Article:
The CNMV is the competent authority for the supervision of management companies, ECRs and depository entities in Spain. The CNMV performs its supervisory activities both through on-site visits and remote supervision on the basis of information reported and submitted to it.

With respect to management companies, the CNMV performs its oversight duties by controlling their financial situation and solvency through periodic information (reporting obligations to competent authorities); controlling compliance with organisational requirements, means and functions; and controlling that public information requirements are complied with.

With respect to ECRs, the CNMV performs its oversight duties by controlling their financial situation and investment coefficients and restrictions through periodic information (reporting obligations to competent authorities) and controlling that public information requirements are fulfilled.

Lastly, the CNMV is the competent authority for the supervision of ECR depository entities. The CNMV performs its supervisory duties of depository entities by controlling compliance with its obligations relating to custody, recording of assets and the supervision and control of the management company's activities.

ECRs are not subject to authorisation by the CNMV provided they are managed by a management company. However, they are subject to registration in the CNMV's Official Registries of ECRs.

ECR sponsors are not required to be registered with the CNMV.

ii General tax overview

Direct taxation

The Spanish private equity funds set up as ECRs pursuant to Law 22/2014 are non-transparent entities and, therefore, their income is subject to Spanish corporate income tax (CIT) and are entitled, if they meet the applicable requirements, to the tax regimes, deductions, exemptions, treaties and incentives generally applicable to Spanish CIT payers.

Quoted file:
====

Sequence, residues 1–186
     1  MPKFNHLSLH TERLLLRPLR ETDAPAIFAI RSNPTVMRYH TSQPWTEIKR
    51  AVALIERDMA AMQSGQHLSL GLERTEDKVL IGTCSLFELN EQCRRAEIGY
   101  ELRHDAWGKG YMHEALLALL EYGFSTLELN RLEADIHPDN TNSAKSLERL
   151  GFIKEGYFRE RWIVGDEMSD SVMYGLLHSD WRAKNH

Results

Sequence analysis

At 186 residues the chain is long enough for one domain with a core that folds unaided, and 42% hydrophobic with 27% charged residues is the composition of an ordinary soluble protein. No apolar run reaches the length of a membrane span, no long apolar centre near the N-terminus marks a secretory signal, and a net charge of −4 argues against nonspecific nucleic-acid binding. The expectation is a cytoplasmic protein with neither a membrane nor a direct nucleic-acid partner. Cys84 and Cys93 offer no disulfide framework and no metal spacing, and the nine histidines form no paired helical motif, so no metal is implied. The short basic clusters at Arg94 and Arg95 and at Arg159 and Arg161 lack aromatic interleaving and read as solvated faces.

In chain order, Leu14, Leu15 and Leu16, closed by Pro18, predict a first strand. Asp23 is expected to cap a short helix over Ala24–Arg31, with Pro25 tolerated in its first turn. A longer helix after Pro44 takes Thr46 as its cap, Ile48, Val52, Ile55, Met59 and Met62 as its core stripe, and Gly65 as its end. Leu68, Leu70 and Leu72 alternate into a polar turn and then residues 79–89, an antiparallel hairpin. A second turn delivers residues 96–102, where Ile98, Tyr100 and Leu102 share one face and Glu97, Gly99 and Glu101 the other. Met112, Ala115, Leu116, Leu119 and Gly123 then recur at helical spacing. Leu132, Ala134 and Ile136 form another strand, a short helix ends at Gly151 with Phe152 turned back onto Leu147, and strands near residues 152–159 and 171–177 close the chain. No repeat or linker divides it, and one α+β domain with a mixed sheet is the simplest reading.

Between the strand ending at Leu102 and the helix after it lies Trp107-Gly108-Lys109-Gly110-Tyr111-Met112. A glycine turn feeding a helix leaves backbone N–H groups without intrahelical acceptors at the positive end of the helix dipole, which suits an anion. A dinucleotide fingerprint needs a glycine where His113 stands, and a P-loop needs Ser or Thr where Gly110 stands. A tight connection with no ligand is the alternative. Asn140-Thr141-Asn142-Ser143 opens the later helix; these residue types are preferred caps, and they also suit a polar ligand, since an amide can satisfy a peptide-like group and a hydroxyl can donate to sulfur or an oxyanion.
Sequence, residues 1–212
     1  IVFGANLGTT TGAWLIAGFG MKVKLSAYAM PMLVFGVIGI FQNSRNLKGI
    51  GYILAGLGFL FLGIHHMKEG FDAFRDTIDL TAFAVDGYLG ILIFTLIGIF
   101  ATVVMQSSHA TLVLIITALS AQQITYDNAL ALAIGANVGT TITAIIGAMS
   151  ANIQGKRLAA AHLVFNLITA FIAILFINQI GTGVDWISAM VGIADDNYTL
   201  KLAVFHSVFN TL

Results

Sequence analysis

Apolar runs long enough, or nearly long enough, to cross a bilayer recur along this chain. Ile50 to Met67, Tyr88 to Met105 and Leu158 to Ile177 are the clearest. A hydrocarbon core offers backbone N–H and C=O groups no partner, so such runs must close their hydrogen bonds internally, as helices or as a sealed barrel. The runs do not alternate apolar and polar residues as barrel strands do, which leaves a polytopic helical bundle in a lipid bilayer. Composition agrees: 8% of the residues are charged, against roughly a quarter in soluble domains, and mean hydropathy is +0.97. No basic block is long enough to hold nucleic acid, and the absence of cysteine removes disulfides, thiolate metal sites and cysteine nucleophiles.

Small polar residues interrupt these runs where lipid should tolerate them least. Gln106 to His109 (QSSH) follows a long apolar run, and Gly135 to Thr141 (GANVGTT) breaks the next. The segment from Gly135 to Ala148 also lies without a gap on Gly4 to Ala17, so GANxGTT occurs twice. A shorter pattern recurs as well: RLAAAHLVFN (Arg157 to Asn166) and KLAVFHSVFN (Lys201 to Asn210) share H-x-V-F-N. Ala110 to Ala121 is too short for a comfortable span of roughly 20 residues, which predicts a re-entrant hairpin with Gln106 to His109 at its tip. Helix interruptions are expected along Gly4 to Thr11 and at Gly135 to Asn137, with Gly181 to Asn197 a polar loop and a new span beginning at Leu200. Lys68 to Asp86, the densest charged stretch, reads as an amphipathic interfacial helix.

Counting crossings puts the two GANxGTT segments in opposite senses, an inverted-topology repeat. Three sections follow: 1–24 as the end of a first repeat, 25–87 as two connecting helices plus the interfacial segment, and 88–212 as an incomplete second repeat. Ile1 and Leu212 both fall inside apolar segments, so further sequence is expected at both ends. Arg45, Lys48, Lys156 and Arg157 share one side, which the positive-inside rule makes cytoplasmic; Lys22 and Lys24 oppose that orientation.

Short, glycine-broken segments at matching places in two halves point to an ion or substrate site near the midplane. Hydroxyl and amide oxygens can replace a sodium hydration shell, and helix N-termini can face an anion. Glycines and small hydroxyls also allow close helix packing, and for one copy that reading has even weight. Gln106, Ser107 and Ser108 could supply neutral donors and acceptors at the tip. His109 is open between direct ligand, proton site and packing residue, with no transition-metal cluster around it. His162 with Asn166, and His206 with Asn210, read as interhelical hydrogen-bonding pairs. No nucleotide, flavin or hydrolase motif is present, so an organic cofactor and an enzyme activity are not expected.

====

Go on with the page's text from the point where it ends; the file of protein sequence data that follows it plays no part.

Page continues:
In general terms, pursuant to the Spanish CIT general tax regime, entities subject to CIT will benefit from a 95 per cent exemption on dividends and gains (the General CIT Exemption)13 obtained from their participation in resident and non-resident companies (except tax haven companies), when the following requirements are met:

  1. that the participation is held for at least one year and represents at least 5 per cent of the share capital of the investee company; and
  2. in the case of stakes in non-resident investee companies, that such companies be subject to a CIT that applies at least a 10 per cent tax rate (this is presumed to be the case for resident in a country that has a double tax treaty with Spain with an information exchange clause).14

If the investee company receives dividends or gains from participating companies that represent more than 70 per cent of its income, to benefit from this exemption for the income received attributable to such indirectly held company, the indirect holding in such entity must also comply with the above-mentioned requirements; in particular, if such dividend or gain was not subject to taxation in the directly held company or came from a tax haven jurisdiction.

Notwithstanding the above, pursuant to Article 50 of the CIT Act, ECRs do enjoy a privileged tax regime on dividends and gains derived from 'typical' or 'qualified investments' (as set out in the Law 22/2014), and also with respect to distributions made to Spanish corporate investors and non-resident investors (except tax haven investors) as described below.

Indirect taxation